In 2022 I was asked to put together a virtual field trip looking at carbon sequestration (CCS). We are particularly lucky in Alberta in having three excellent Cambrian targets for CCS including the Basal Cambrian Sandstone, currently being used for CCS in Shell’s QUEST project, quartzites of the Deadwood Formation (being utilized for a CCS project in Saskatchewan) and the Gog Quartzite, an analogue and potential target. The Gog outcrops across the Rocky Mountains close to my home in Calgary, so in today’s blog we will focus in on this interval and use it to introduce some of the important concepts relating to CCS.
Carbon Sequestration: a primer
There are four methods for sequestering CO2:
- Structural and stratigraphic trapping – our focus today
- Residual gas trapping, the process in which CO2 bubbles are left trapped in the pores of the rock as CO2 and water flows through the reservoir (e.g., by buoyancy forces) and water in-fills the pores previously occupied by CO2
- Solubility trapping, the process in which CO2 dissolves into the saline water or brine in the reservoir rock
- Mineral trapping, which occurs as CO2 dissolved in the native water reacts with minerals and other dissolved constituents to form new carbonate minerals
We will be focusing on the first of these, structural and stratigraphic trapping. These methods require the following elements, all of which we can examine in the Gog Quartzite:
- A thick, laterally extensive reservoir
- Burial depth of 1 to 4 km to ensure that CO2 is supercritical (semi fluid), making it easier to inject. This is very important to ensure a successful outcome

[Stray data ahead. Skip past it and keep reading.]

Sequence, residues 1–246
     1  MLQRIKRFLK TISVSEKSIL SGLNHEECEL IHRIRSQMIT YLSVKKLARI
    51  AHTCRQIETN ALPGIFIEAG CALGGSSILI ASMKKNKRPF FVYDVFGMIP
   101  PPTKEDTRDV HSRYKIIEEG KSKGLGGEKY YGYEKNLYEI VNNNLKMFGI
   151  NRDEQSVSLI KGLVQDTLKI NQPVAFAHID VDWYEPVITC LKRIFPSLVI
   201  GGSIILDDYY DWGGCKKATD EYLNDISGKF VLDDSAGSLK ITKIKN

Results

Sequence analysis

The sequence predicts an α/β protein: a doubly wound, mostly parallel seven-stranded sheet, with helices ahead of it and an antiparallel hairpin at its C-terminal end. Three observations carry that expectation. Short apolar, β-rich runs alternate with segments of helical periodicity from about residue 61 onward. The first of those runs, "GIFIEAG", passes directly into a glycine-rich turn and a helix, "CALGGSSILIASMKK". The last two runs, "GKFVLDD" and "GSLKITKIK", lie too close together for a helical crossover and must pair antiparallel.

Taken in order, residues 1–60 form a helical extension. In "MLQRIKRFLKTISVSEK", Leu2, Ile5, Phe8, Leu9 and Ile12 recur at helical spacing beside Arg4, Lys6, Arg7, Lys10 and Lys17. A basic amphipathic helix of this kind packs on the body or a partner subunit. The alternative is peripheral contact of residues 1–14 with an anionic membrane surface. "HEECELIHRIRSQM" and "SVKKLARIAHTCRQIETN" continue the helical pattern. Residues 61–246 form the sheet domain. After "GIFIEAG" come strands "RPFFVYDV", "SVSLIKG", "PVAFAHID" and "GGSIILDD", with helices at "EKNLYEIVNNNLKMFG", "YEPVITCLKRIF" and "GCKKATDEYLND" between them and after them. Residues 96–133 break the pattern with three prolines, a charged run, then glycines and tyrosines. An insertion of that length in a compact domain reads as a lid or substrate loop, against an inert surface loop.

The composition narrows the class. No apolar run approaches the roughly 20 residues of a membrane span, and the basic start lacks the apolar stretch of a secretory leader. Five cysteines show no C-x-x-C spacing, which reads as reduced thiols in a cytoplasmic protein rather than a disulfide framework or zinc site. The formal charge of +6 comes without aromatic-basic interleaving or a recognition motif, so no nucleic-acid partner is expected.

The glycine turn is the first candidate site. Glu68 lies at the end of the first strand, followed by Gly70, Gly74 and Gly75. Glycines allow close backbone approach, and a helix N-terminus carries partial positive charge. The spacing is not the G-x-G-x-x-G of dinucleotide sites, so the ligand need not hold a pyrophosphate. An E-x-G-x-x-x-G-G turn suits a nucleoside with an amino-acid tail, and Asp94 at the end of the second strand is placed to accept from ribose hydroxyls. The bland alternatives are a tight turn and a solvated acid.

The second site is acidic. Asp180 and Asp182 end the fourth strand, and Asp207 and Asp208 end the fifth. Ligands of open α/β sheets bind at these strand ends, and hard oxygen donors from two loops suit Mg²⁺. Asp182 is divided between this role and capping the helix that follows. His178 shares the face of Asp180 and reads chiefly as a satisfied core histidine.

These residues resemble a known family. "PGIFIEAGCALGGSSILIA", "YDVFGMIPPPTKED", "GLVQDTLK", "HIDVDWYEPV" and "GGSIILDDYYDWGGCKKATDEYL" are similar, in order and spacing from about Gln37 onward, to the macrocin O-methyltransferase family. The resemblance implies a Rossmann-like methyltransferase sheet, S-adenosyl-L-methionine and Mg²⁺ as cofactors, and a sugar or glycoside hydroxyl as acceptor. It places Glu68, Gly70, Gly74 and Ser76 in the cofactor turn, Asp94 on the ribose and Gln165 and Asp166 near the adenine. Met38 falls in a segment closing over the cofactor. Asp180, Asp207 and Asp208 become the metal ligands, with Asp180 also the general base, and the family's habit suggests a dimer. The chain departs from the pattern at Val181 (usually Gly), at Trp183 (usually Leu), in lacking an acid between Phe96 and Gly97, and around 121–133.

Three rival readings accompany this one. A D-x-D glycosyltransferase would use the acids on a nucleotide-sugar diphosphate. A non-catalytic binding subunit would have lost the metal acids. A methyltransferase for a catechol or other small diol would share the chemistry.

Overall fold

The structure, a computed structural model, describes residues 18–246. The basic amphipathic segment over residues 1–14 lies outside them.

- Sufficient reservoir properties to make injection possible: porosity 5 to 7% and perm 10 to 50 mD
- An excellent top seal
- Tectonically quiescent conditions
Existing projects: QUEST Project (Shell)
This carbon sequestration project is located NE of Edmonton and, since 2015, has captured up to 1.2 million tonnes of CO2 per year. The gas is injected in semi liquid form into the Basal Cambrian Sandstone (BCS) at 2100 m depth, with the Prairie Evaporite as a seal, preventing the gas from escaping.
The Basal Sandstone records a major transgression (relative sea level rise) in the Lloydminster Embayment around 525 million years ago. Five main depositional environments are recognized: (1) Fluvio-influenced tide-dominated bay margin; (2) Tide dominated bay margin; (3) Proximal bay, (4) Distal bay and (5) Offshore. These are shown in the Figure to right. The Basal Sandstone was deposited in these environments, leading to a variety of reservoir properties.
Results so far show minimal leakage, thermal effects, or impact of a flowing aquifer. The reservoir properties show widespread but relatively thin (typically < 100 m) sheet-like geometries of the quartzite reservoir; extreme textural and mineralogical maturity; and a pronounced lack of clay to silt-sized sediments. Informal estimates suggest that the injection front is moving forward at about 25 m per year.